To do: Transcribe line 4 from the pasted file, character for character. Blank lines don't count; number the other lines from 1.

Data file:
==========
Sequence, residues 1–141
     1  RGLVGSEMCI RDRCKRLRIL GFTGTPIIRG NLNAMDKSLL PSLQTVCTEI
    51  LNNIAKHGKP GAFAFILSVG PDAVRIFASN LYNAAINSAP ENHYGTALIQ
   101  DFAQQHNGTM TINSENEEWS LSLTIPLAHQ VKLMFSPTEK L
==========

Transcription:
   101  DFAQQHNGTM TINSENEEWS LSLTIPLAHQ VKLMFSPTEK L